Defense powers Gators to Sweet 16

OMAHA, Neb. – Everyone knows the Florida Gators can score, but in their first two games of 2012 NCAA Tournament play it was the defense that stole the spotlight. Florida absolutely stifled potential Cinderella Norfolk State, en route to Phoenix and the Sweet 16.

It's fair to say offense has come more easily than defense this season for the Florida Gators.

Offensively, they're the picture of efficiency - ranking fifth nationally in that category. They lead the country in three-point field goals made, are 28th in three-point percentage, and ninth in effective field goal percentage. So when it comes to scoring, the Gators are good.

Defense is, unfortunately, another story. They give up an average of 65.4 points per game, ranking 119th nationally. Opponents register an effective field goal percentage against them of almost 50-percent, and Florida is 93rd in rebound percentage, pulling down just a shade more than half of all available boards.

Their struggles defensively seem at odd with their athleticism and ability. Forwards Erik Murphy and Patric Young are long and athletic, and the 240-pound Young is as burly as they come down low. Guards Bradley Beal, Kenny Boynton, Mike Rosario and Erving Walker are all cat quick.

Sunday night, the Gators advanced to the Sweet 16, crushing the glass slipper being crafted for Norfolk State underfoot in a 84-50 victory – and they did it largely on the strength of their defense.

"A lot of people think we're not as good of a defensive team this season, that we're more of an offensive team predicated on the three-point shot," said junior forward Patric Young. "We proved that the last two games against Virginia and tonight that we can play really good defense. And if we lock in on those things, if we come up with those loose balls and the rebounds and get out in transition (Florida can win)."

Yes, Florida shot well, particularly in the first half. Before intermission, the Gators were 16-of-30 from the floor (53.3-percent) and 7-of-16 from beyond the arc. As any coach will admit, hot shooting tends to make life a lot easier.

But it was their defense that really stood out. They weren't flashy or particularly disruptive on the stat sheet, forcing the Spartans into just five turnovers and picking only two steals. It was just good, old-fashioned hard-nosed defense.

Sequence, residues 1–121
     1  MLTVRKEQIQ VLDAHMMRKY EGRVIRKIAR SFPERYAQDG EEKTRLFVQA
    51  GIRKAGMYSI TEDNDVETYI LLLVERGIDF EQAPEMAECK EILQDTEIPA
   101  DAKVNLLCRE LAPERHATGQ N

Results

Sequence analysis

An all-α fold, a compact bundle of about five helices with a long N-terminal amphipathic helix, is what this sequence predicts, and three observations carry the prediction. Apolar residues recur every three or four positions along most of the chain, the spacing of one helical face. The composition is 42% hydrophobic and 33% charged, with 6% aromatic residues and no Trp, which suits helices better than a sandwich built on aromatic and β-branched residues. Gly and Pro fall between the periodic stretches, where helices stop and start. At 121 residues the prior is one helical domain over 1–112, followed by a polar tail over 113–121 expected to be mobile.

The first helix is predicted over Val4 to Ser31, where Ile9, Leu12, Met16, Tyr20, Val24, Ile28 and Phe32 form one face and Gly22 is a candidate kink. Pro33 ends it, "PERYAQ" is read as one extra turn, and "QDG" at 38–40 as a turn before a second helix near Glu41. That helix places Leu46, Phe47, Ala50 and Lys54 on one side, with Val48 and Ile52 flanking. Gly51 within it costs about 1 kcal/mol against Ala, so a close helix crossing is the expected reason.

Were this "Hoosiers," Norman Dale would have been proud. The Florida guards were in the jerseys of their Norfolk State counterparts from the second the ball was in-bounded, making sure every shot was a contested shot. The result was a half during which the Spartans went just 8-of-31 from the field and 2-of-12 from three-point land.

Even better, the second half was more of the same. Norfolk State couldn't buy an uncontested look, and both their point totals and shooting percentages reflected that difficulty. For the game, the Spartans shot 27.3-percent from the floor and just 16.7-percent from deep, despite launching up 24 attempts.

Norfolk State forward Kyle O'Quinn, one of the hottest names in the country after a dominant performance in their stunning Friday upset over No. 2-seed Missouri, was held to just four points, and a single field goal, and the Gators dominated the boards as well, 48-31.

Two games in to the 2012 NCAA tournament, Florida looks to be tapping into its potential defensively. If the trend holds true through next weekend, the Gators just became one of the more dangerous teams left in the field of 16.

"I just thought that right now we're just locking in on everything that needs to be done," said junior guard Mike Rosario. "We're sacrificing for one another. We're making sure we're knocking down open shots, we're making the extra pass, we're rebounding and we're grabbing loose balls because that's what it comes down to at this time."

"We need to keep that intensity up every game," Young added. "We should have had that from the beginning of the season, but it really counts to have that defense first mindset. We've gotta stop these guys first and our offense is going to take care of itself."

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